Apple Watch 9 Feature Comparison vs. the Series 8, Series 7 and Series 6

Here's everything in Apple's new mainline watch and what it has to offer versus the Apple Watches of years past.

David Lumb Mobile Reporter
David Lumb is a mobile reporter covering how on-the-go gadgets like phones, tablets and smartwatches change our lives. Over the last decade, he's reviewed phones for TechRadar as well as covered tech, gaming, and culture for Engadget, Popular Mechanics, NBC Asian America, Increment, Fast Company and others. As a true Californian, he lives for coffee, beaches and burritos.
Expertise Smartphones | Smartwatches | Tablets | Telecom industry | Mobile semiconductors | Mobile gaming
David Lumb
4 min read
The Apple Watch Series 9 on wrist.

The Apple Watch Series 9.

Lisa Eadicicco/CNET

At its Wonderlust fall 2023 devices event, Apple launched the Apple Watch Series 9, its newest model in its smartwatch line. While it doesn't have all the bells and whistles of the super-premium Apple Watch Ultra 2, also announced at the event, the Series 9 improved on several features of its predecessors. Here's how the Apple Watch Series 9 ranks versus the Series 8, Series 7 and Series 6 watches.

At the moment, Apple has temporarily stopped selling its Series 9 watches in the US amid an ongoing legal battle with health tech company Masimo over patent infringements. You can still buy it from other retailers, or from Apple outside the US, and existing Series 9 watches should continue to function normally. Read our guide on the issue for more information.

The Series 9 looks like the Apple Watches that came before -- a rectangular watch with a large screen and digital crown on the right side with a button just below it. It uses 20mm interchangeable watch bands, just like its predecessors.

But since the Apple Watch Series 6 was released in late 2020, Apple's smartwatches have gotten slightly larger and displays have gotten bigger. The wearables have added health-tracking features, new perks and faster processors, too.

various apple watches on black background, pink in middle
Apple/Screenshot by James Martin/CNET

The Series 6 introduced an SPo2 sensor for tracking blood oxygen, which is a key indicator of sleep quality, as lower levels could indicate conditions like sleep apnea that deplete rest (and if untreated, could be dangerous). The Series 6 inherited the always-on display from the Series 5, which is a neat but battery-sapping feature that set the stage for Apple Watches to come. Despite more hardware and software efficiency in later watches, new features have led every Apple smartwatch to maintain a steady single-day battery life that needs recharging before bed.

The Series 7 that launched in 2021 slightly bumped up the sizes offered to 41mm and 45mm, up from 40mm and 44mm in its predecessor. Paired with slimmer bezels, the Series 7 had a noticeably expanded screen size enough to fit a full QWERTY keyboard. The Series 7 also added fast charging, which Apple says can recharge a watch from a dead battery to 80 percent in around 45 minutes.

The Series 8 arrived in 2022 with a skin temperature sensor, a new health feature that measured overnight deviations from a temperature baseline to potentially detect changes in ovulation or menstruation. While more health data is nice, the Series 8 doesn't give much guidance on what the skin temperature variations mean, CNET Senior Editor Lisa Eadicicco found, as opposed to the more helpful "readiness score" found in the temperature-sensing Oura ring smart wearable.

Read more: I was a Superman for a week, according to my Apple Watch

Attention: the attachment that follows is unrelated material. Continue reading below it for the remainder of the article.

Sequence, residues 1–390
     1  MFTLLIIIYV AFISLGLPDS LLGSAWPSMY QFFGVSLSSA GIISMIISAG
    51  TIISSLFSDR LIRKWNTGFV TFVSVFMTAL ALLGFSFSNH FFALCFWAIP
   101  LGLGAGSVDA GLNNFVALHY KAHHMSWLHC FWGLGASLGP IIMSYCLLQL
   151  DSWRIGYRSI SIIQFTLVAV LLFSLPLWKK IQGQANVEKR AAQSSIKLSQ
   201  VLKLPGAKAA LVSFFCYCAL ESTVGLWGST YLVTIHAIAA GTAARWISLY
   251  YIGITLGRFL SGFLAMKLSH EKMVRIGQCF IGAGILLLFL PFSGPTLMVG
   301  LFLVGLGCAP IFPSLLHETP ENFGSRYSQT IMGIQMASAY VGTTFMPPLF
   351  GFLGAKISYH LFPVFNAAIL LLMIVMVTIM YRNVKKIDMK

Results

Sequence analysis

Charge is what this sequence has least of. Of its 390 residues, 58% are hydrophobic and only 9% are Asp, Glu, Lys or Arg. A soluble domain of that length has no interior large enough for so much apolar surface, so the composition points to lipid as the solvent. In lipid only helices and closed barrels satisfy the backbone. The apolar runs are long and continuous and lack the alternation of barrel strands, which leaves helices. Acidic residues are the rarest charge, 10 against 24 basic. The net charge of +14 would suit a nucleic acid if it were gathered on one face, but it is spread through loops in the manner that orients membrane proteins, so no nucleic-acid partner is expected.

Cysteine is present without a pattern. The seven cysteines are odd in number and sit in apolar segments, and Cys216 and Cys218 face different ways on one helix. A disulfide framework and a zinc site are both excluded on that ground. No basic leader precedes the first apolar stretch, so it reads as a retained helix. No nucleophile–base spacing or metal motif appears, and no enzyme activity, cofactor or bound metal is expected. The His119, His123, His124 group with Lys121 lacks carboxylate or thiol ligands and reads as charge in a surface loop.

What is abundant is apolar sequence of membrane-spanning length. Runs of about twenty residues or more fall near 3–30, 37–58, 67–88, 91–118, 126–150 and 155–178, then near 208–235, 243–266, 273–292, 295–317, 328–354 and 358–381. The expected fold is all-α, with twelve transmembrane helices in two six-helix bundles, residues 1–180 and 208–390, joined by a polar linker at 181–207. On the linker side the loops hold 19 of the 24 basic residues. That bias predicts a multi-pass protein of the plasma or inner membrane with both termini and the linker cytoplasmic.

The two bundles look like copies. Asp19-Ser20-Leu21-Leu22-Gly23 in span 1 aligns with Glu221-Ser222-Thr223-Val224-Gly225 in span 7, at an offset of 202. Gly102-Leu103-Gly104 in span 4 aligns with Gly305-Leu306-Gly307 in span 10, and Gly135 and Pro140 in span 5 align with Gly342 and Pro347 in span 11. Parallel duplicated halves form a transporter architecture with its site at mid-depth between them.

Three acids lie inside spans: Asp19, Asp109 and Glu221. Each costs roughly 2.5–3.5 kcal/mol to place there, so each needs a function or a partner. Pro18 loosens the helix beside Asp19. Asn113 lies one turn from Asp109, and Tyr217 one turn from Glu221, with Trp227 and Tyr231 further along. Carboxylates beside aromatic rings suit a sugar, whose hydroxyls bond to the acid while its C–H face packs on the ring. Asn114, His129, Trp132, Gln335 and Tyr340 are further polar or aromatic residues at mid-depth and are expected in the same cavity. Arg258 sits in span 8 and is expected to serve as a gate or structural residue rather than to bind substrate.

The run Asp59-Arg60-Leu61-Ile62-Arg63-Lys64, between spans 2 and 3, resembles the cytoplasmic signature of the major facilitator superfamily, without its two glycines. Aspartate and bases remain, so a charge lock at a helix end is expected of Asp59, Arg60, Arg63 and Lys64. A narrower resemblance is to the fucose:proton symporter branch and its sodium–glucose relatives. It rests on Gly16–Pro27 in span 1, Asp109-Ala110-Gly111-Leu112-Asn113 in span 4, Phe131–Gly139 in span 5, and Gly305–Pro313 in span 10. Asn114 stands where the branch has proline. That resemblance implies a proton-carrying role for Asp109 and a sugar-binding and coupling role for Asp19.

Apple's brand-new smartwatch, the Series 9, packs a handful of new features that build on its predecessors, but also look forward to a new era of Apple devices. Conventionally, the new S9 chip enables new perks, namely on-device processing for Siri so users can get query answers even when offline. A new second-generation ultra-wideband chip on the smartwatch will also allow it to find nearby missing iPhones by pointing the way and sending vibrations and audible chirps when users are close. 

Apple/Gif by Arielle Burton/CNET

The big new feature is Double Tap, which interacts with the watch through gesture control, no screen touching required. The Series 9 recognizes when the wearer taps their index finger and thumb together twice, which takes the place of a primary button in an application -- use it to answer calls, pause or play music, snooze an alarm and more. 

The actual science is pretty cool, as the Series 9 actually detects the movements and changes in blood flow when the wearer pinches their index finger and thumb twice. The on-device neural engine uses data from several sensors to recognize this movement, including the accelerometer, gyroscope and optical heart sensor. It's a showcase for what an Apple Watch can do with its growing array of sensors.

Practically, Double Tap has another purpose, as others have pointed out: Training users to engage with gesture control in preparation for relying on it to use the upcoming Vision Pro. Users interact with Apple's AR/VR headset entirely through gestures, including a forefinger-and-thumb pinch. What better way to clue first adopters (who will likely rush out to buy a Series 9 or the Apple Watch Ultra 2, which also has Double Tap) in on Vision Pro's interface before it launches early next year?

Read more: Apple Vision Pro hands-on: Far better than I was ready for

Lastly, the Series 9 adds something else to Apple Watches, and indeed, to Apple's entire device lineup: Its first carbon-neutral product from the company. By selecting certain cases and bands made with recycled materials, and thanks to changes in using more green energy during manufacturing and lower-emission shipping options, the Series 9 watch you pick up at a store or order online can be the most sustainable Apple product you've ever bought -- and hopefully a sign of things to come for the tech giant.